Col Dr. John Andreas Olsen

Norwegian Defence Attaché London & Aviation Security Expert


Time: March 3, 2020
Location: Serena Hotel, Islamabad
Event Type: Conference
Organized By: Team CASS

About Speaker

John Andreas Olsen is a colonel in the Royal Norwegian Air Force, currently the defence attaché to the United Kingdom. His previous assignments include tours as director of security analyses in the Norwegian Ministry of Defence; deputy commander and chief of the NATO Advisory Team at NATO Headquarters, Sarajevo; dean of the Norwegian Defence University College; and head of the college’s division for strategic studies. He was a visiting professor at the Swedish National Defence University from 2008 to 2019. Olsen is a graduate of the German Command and Staff College and has a doctorate in history and international relations from De Montfort University, a master’s degree in contemporary literature from the University of Warwick, and a master’s degree in English from the University of Trondheim. Dr. Olsen has lectured worldwide, received several awards and published many books, including Strategic Air Power in Desert Storm (2003); John Warden and the Renaissance of American Air Power (2007); A History of Air Warfare (2010); Global Air Power (2011); Air Commanders (2012); European Air Power (2014); Airpower Reborn (2015); Airpower Applied (2017); and The Routledge Handbook of Air Power (2018).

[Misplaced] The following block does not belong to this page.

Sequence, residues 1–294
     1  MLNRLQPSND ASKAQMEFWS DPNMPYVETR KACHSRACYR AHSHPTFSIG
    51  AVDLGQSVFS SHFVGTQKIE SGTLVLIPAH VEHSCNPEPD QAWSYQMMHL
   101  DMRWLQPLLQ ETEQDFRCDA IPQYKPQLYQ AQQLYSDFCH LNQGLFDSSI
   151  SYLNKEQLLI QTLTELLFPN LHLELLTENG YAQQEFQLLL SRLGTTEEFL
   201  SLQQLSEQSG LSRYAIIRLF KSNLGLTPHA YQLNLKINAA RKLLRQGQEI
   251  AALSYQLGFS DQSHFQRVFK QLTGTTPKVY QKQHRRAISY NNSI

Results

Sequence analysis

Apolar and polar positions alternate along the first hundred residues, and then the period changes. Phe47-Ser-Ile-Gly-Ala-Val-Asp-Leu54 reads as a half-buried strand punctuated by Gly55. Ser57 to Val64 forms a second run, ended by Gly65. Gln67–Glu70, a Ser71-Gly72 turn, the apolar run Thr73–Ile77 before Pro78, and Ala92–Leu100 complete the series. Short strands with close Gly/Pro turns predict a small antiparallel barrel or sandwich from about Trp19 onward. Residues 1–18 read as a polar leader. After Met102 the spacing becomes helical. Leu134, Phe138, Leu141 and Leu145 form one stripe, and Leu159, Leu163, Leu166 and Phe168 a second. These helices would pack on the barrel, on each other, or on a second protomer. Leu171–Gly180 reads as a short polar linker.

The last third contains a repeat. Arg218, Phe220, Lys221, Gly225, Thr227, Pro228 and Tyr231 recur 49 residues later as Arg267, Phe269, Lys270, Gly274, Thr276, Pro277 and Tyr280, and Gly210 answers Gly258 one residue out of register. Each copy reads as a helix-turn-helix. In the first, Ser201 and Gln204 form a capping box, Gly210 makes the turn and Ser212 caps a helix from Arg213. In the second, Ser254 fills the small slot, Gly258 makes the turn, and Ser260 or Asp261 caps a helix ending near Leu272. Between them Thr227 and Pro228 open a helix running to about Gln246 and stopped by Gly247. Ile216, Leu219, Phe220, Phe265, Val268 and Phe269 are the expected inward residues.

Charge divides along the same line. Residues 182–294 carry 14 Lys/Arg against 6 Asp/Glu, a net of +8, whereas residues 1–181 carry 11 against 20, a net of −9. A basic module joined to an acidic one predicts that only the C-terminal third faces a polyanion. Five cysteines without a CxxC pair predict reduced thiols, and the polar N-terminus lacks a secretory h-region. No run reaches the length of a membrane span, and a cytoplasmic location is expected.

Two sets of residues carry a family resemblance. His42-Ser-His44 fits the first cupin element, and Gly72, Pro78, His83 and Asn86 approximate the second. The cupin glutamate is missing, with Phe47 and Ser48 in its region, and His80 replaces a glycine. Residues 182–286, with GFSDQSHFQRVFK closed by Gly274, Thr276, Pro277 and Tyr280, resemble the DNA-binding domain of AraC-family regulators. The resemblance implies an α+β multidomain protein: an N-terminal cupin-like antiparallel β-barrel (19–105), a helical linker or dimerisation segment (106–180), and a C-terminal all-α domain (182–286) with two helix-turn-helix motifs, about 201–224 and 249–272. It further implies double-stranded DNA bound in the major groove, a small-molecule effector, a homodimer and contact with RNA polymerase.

TOPIC OF SPEECH: The Future of Military Aviation

Despite its significance in international relations and statecraft, the phenomenon of air power remains controversial and little understood beyond its tactical and technological manifestations. This presentation examines 24 themes that scholars and practitioners must study to attain an in-depth, broad-ranging and contextual understanding of air power. While all the themes are important, in combination they offer a comprehensive insight into air power as a political instrument of war and peace. This should help military professionals to develop an understanding of the entirety of air power rather than merely concentrate on its components.
Air power is an inherently strategic weapon in ways that surface forces are not, because it can operate effectively and simultaneously at all three levels of war from the outset. Although defence may be the strongest form of war on land, this principle does not apply to air power because of its ability to strike quickly, virtually anywhere, and often with little or no warning. The speed, range and flexibility of air power grant it ubiquity, which in turn imbues it with an offensive capability; when used wisely, air power offers the advantage of operating at the strategic level of war while forcing the enemy to fight at the tactical level.